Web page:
My daughter was born of an uncomplicated, scheduled c-section in December of 2010. She was perfectly healthy from head to toe, and pretty darn cute as well. About 6 weeks later we noticed a very small bump above her left eye. Assuming her older brother had probably thrown a toy at her, we didn’t give it much thought. After a few days the bump was still there, and though we almost convinced ourselves it was purely imagination, we thought it was getting bigger. We visited our pediatrician who, after seeking a second opinion within the practice, concluded that it was probably simply a cyst. We were given antibiotics and asked to be seen again after a week. During the week the “cyst” began to change color to a reddish purple and grow even more. Our daughter’s tiny eye began to close under the weight of the growth. When we saw our pediatrician again, he immediately said that he had changed his mind, what we were looking at was definitely an infant hemangioma.
The Mayo Clinic defines hemangioma as, “a birthmark that appears as a bright red patch or a nodule of extra blood vessels in the skin. It grows during the first year of life, and then recedes over time. A hemangioma is usually benign and isn’t associated with other medical conditions. Most often hemangioma doesn’t require treatment. By age 10, a child who had a hemangioma in infancy usually has little visible trace of the growth.” Our doctor described it as such remarking that most hemangiomas are simply left alone to grow and then shrink on their own. He did, however, want our daughter to see a specialist because of the hemangioma’s close proximity to her eye.
When we returned home from the doctor visit we made the classic mistake of looking up hemangiomas on Google images. We saw numerous horrifying pictures of tiny babies covered in large, bulbous, bright red tumors. Our doctor had already scheduled the visit to our nearby Cincinnati Children’s Hospital Medical Center. The hospital operates a Hemangioma and Vascular Malformations Clinic. We were set to visit the clinic as well as the ophthalmology department because of the location of the hemangioma.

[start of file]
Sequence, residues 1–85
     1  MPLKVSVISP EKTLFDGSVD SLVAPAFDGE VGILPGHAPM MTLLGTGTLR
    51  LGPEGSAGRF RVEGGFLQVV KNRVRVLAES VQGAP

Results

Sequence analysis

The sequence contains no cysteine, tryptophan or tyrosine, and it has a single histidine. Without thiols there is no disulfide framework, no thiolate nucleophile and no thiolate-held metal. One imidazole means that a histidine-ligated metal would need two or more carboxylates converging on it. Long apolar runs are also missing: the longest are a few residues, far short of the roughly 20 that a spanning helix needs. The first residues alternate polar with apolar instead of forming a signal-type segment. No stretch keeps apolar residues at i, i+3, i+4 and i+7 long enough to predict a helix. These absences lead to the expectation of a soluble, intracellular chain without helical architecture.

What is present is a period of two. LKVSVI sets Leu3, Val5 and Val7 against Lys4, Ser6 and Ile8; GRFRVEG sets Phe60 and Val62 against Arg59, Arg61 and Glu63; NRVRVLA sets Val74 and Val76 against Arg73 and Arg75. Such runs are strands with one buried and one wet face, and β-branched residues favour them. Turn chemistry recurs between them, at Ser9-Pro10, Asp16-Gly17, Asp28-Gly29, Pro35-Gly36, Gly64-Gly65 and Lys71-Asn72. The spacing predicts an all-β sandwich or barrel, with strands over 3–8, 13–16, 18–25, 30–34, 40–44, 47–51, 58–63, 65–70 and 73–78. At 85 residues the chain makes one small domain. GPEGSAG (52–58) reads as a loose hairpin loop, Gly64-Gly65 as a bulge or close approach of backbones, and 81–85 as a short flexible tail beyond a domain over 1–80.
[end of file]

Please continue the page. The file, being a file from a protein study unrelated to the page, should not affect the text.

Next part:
We were assured by doctors at the clinic, (an oncologist, an ear, nose and throat specialist, and a dermatologist all saw our daughter in one office) that the hemangioma was benign, however with it being so close to her eye, it would probably need treatment. The ophthalmologist detected astigmatism in our daughter’s eye and began telling us about treatment options. Steroids, injections directly into the site of the tumor, would be the most likely course of action. The steroids would stunt our daughter’s growth and development leaving her tiny and underdeveloped for about a year. After stopping the treatments, around one year, she would quickly catch up to “normal” development for her age. He also explained that surgery is rarely an option for removal of infant hemangiomas because they are basically a blood filled tumor and the risk to the welfare of the child is simply too high.
The idea of putting injections into my daughter’s tiny eyelid was horrifying, but we were thankful that the diagnosis was not any worse. After the ophthalmologist and hemangioma clinic doctors consulted with one another we were told about another suggested treatment option: Propranolol.
The drug Propranolol has been around for decades. Primarily a blood pressure medication for adults, the drug was discovered to shrink infant hemangiomas by accident. During a study of infants with blood pressure issues, who also happened to have hemangiomas, doctors realized that the hemangiomas were shrinking. Thus began a new treatment for hemangiomas, one that has only been around for a few short years.